If we listen to James’ words about being both hearers and doers of God’s word from this perspective, we can understand them saying that it is vital that we not only hear the good news of Jesus’ death and resurrection for us, but that we live like it’s true. When we find God’s love in the gospel, then ‘doing the word’ means loving others, even when it’s hard or we don’t think they deserve it. When we encounter God’s grace, ‘doing the word’ means being grace-filled in our relationships with others. When we experience God’s mercy, forgiveness and peace in the gospel, ‘doing the word’ means being merciful, forgiving and peace-making towards everyone we meet. Following Jesus isn’t just about finding his goodness for ourselves. Being ‘doers of his word’ means extending the goodness of God we find in Jesus towards everyone in our lives through all we do and say.
This week, I want to challenge you to be hearers as well as doers of God’s word in your lives. If you’re not a regular reader of the Bible, doing God’s word might start with making time each day to listen to the good news God wants to speak into your life. It really doesn’t matter how we’re reading our Bibles. What’s important is that we’re listening for God’s promises of grace, love, forgiveness and new life in his word for ourselves. If you need help doing that or not sure where to start, let me know and I’ll see what I can do.
Being a doer of God’s word might also mean praying regularly. Last week we heard Paul write, ‘pray in the Spirit at all times and on every occasion. Stay alert and be persistent in your prayers for all believers everywhere’ (Ephesians 6:18 NLT), so prayer is an important part of doing the word. We can also ‘do the word’ by being ‘quick to listen, slow to speak, and slow to get angry’ (v19 NLT). You might want to practice this during the week by listening more than talking in your conversations with others. Try it and see what a difference it can make. Or, if you’re looking for a more serious challenge, listen to what Jesus says about telling the difference between our human traditions in the church and God’s commands (Mark 7:5-8), and imagine how prioritizing what God wants over what you want for your church might look.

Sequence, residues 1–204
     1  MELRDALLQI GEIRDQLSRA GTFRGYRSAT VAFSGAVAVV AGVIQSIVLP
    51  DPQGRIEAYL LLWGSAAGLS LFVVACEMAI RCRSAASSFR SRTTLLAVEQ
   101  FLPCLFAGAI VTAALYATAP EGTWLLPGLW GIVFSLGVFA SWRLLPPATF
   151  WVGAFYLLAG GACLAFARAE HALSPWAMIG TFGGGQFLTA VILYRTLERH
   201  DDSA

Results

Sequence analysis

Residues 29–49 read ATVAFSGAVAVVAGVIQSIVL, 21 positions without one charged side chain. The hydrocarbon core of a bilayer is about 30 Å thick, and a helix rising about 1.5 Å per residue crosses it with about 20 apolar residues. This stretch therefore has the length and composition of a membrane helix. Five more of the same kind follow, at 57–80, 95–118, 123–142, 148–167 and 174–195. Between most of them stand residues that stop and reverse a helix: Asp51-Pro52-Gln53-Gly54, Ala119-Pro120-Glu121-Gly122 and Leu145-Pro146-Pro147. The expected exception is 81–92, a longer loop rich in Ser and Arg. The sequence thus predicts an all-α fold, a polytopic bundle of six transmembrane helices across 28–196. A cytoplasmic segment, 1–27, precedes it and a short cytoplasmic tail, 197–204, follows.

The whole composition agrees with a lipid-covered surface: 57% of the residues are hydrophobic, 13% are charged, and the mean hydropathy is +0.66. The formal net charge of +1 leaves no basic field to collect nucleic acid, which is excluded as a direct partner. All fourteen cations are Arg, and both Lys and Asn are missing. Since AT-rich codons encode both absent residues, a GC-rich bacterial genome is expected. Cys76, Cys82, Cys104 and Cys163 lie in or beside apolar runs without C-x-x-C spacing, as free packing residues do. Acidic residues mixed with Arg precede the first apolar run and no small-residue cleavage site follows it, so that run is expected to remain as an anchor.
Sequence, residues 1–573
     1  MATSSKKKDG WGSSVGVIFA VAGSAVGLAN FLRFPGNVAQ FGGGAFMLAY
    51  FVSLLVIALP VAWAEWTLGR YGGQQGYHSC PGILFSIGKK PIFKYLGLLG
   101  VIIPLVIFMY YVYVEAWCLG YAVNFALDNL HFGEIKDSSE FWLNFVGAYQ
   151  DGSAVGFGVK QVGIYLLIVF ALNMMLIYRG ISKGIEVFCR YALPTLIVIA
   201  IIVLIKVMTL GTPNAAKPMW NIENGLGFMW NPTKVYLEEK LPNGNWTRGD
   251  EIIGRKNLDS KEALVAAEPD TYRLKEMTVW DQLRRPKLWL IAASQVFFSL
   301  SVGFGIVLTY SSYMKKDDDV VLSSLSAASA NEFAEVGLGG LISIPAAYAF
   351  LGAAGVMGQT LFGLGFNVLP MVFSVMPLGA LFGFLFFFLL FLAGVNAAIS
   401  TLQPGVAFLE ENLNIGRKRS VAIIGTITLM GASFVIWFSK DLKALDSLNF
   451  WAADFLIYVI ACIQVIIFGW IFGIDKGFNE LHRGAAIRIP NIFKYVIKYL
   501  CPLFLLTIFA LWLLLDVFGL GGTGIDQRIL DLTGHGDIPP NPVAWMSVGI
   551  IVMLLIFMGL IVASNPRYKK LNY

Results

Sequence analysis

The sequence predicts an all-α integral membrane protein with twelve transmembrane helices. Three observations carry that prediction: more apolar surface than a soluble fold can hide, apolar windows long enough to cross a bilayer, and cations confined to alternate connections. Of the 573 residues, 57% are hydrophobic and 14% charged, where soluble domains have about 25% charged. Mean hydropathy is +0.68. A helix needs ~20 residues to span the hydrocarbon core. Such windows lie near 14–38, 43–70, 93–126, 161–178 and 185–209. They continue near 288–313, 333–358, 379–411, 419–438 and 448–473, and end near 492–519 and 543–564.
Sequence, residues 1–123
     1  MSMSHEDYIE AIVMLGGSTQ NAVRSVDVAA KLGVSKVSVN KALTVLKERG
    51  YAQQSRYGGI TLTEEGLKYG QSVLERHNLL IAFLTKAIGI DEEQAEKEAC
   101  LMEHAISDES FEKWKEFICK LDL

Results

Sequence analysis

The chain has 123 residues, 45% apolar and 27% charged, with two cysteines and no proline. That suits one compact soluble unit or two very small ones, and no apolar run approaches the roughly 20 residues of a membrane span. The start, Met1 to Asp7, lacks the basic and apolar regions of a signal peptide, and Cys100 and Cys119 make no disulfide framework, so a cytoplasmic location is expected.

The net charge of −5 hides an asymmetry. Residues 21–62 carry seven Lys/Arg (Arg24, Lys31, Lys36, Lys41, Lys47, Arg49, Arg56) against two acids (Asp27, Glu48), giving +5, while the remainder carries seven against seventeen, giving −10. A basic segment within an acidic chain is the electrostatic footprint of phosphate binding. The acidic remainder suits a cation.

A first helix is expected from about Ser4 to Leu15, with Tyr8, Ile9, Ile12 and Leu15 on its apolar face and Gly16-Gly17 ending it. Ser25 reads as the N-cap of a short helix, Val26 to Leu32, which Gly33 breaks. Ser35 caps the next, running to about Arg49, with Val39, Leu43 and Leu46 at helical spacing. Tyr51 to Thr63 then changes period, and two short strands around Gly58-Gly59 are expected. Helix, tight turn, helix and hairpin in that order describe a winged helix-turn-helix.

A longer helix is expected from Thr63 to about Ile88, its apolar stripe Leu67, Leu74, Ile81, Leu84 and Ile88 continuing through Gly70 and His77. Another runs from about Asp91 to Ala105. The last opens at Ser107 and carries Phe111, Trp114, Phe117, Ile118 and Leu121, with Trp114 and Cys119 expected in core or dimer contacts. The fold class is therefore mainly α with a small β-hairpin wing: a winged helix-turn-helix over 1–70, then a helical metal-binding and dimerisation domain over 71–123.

In whatever ways we endeavour to be doers as well as listeners of God’s word, what is essential is that they are acts of faith in God’s life-giving love for us in Jesus, not attempts to try to get his love. That love is already yours, for Jesus’ sake.
The medication, God’s remedy for sin, is already ours as an act of grace from the God who loves us. We wouldn’t receive medicine from a doctor and leave it on the shelf. We’d follow the directions so that it can make us healthy and whole again. In the same way, we can’t just listen to the word of God that gives life and then do nothing with it. That doesn’t help anyone. By being doers of the word, listening to God’s promises and living like they are true, extending his grace and love to others by the power of God’s Holy Spirit, we can find healing, wholeness and a life that is stronger than death.